Monday, December 26, 2011


Back of Adam's I-SPY quilt.
Front of DL's family I-SPY quilt. It's similar layout to Adam's family and has many of the same squares, same ladybug framing, same 3-D fish panel on back and same flamingo binding. I have several squares left or pieces of stash fabric and a panel of 3-D piece, so will make one to have here for kiddos to play on.
Pockets were sewn to backs to hold laminated list of the squares and and 3-D glasses that came with the material. Hubby bought this at LQS and neither of us realized it was 3-D until our neighbor pointed it out, so he had to go back and get the glasses. Kiddos and their parents loved it on the back! This is Adam's back before pocket and label were sewn on. I quilted it first then added those. Again, these were inspired by
Speaking of I-Spy...this is one of several paper sack lunch bags made for other small presents to go into, and is made from Sweetwater's Hometown fabric. It's such cool fabric and list my hometown of Spokane, a nearby town and lots of places I've either lived or visited. Over 1000 hometowns apparently. It's lined with University of Washington fabric and was my son's. Can't remember where I got the pattern. (somehow this area wants to be underlined!!) The quilts were happily, very happily received.

Friday, December 23, 2011


Santa stopped by for a little visit and while checking his list, he also checked his height against our newest creation--a ruler growth chart made with directions from Very easy to follow her directions. Even this old, sometimes shaky lady was able to get pretty straight lines. Hubby bought, sanded and stained the wood for me, and got the paint pen.

Found out apparently there are oil based paint pens and water based--we used Marvy's oil based, so are letting everything dry for a day or two before putting varnish on--probably a spray one. Ours is a 1 x 8 that's 6 feet long and will hang with bottom 6" from floor so our tall sonny can get measured, too!!


Monday, December 19, 2011


Jodi at Pleasant Home is having a Virtual Cookie Exchange with over 60 cookies already linked, so go check it out:

Mint Chocolate Brownies. Back in the dark ages while living in the dorms at BYU, the cafeteria often served these. I loved the chewiness and the layer of green mint frosting with chocolate frosting over. Recently found the recipe on BYU's Dining Services site--lots of fantastic recipes there: including the brownie one (plus another favorite called Cherry Chews). Here's the exact url for brownies: I didn't put nuts in there since hubby hates them in almost anything.

I didn't use chocolate frosting, but made a glaze out of chocolate chips and crisco in microwave, put it in a baggie then snipped a little bit off corner so could drizzle it over, then sprinkled some red sugar. Also used 3/4 c. whole wheat flour instead of all flour.
Couple years ago, one of my grandsons, handsome Adam the younger (named for my son and my father), stayed with us for a week. During that time we made good ole chocolate chippers. The last cookie we made was this giant one for Boppa, who LOVES chocolate chip cookies that are brimming with chips. This picture doesn't show the chips but they're in there. The recipe is one from Mrs. Fields' when she appeared on TV years and years ago. She stressed using lots of vanilla and oodles of chips. I usually add oatmeal, too and sometimes other goodies, but never nuts since hubby hates them in just about anything. Often add fresh ground whole wheat flour to make more nutritious :) !! You can find copies of her recipe all over the internet.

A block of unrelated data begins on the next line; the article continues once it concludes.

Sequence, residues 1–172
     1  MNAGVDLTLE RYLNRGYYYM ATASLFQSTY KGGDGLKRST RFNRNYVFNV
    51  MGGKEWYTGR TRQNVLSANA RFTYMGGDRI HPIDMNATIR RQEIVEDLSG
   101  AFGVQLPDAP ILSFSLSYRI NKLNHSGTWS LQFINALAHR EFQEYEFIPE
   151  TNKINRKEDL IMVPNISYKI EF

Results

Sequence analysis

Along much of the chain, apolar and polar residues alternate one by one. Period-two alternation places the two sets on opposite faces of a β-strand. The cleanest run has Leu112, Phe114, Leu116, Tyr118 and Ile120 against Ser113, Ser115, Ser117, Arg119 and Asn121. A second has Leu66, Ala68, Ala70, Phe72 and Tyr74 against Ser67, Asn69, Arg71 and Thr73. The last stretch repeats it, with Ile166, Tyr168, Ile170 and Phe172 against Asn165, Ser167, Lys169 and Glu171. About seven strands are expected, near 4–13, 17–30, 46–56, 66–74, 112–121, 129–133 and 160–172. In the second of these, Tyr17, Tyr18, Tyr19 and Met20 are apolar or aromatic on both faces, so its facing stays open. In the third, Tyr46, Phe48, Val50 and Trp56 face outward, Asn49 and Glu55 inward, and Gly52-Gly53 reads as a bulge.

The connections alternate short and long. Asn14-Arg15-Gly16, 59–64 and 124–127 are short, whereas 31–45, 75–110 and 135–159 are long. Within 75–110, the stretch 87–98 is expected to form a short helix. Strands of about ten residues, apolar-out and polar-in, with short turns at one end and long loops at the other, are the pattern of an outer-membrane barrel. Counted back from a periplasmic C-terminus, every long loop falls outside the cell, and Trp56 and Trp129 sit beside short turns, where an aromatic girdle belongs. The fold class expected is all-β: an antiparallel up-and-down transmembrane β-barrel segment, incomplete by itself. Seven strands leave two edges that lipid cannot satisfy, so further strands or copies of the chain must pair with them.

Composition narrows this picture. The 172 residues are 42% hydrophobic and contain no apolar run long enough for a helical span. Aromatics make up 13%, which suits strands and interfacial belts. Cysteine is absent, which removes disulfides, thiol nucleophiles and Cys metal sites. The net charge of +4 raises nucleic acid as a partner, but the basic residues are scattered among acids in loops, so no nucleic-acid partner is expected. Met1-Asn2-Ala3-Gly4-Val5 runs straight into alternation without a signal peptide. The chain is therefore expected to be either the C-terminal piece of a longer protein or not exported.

Monday, December 5, 2011


Have been putting off sewing this together for quite some time. Recently saw this quilt: at Flourishing Palm. Had seen many versions of an I-Spy from just sewing blocks together with plain binding to having each block separated with sashing (NOT happening here!!!) and all sorts of things in between. When I saw Linda's, it seemed like a perfect design for me--not so fussy and allowing for a lot of blocks. Mine is still a bit different than hers and love how she put lighter blocks in the middle--mine was just grab something from the pile that was a bit different than the one before it!

Originally I gathered about 200 blocks, but not sure at this point how many there are. Can't remember who sponsored it, but someone had a bunch of I-spy block swaps and I got in on one--with the result of some really cool blocks. Plus my dear friend Shirley, gave me a lot of blocks left over from a quilt she'd done awhile ago. Hers were a different size, but serendipitedly it worked out well with 7 of hers equalling the length of 9 of mine!

The back will have some more blocks that didn't make it on front. I also have some really fun material to put on back with those. And I'm making a list of all blocks that will be laminated and put in a pocket on the back so my girlie girls and boyly boys can search for things when they're playing on it. And, of course, it'll be nice and warm to snuggle under.

Wednesday, November 30, 2011


Saw this: and here:
Decided it was needed at my house. I copied the pattern and what directions I could find without having to buy the magazine or wherever all the info was. Some thoughts if I made this again are: carefully cut out the white part that everything will be fused to (imagine how I know this!!??); cut pieces that meet where candies meet longer than called for, then cut off as needed--makes it a lot easier than trying to cover gaps (again, how do I know this??!!); make sure you know which side of the paper covering your fusible is the correct side!!; pre-wash all fabrics and use a color catcher sheet when doing that and when washing finished project; you can make this one candy or a lot more if want, but if trying it again, I'd consider making each candy separately and use bias around the edges, then tack together; if wanting to do different reds as shown, think that through when cutting out--originally it was going to be all the more solid red but I wanted variety and didn't think it through, so it's a bit interesting; read the directions thoroughly!! I put the batting under the white background and added other material to quilt it as you're zigzagging each piece--the look is ok for me, but it does do that bunching up that is fun in quilts when you take the finished quilt out of the dryer; found it worked best to quilt the whole center candy first, then outer ones and liked the look best when I started at one outer edge of a swirl, sewed through center and onto the opposite swirl of the same color, then turned it around and sewed through on the other side of both swirls. Sorry there are no in progress pictures and that this all makes sense. Think it would be nice without batting, too.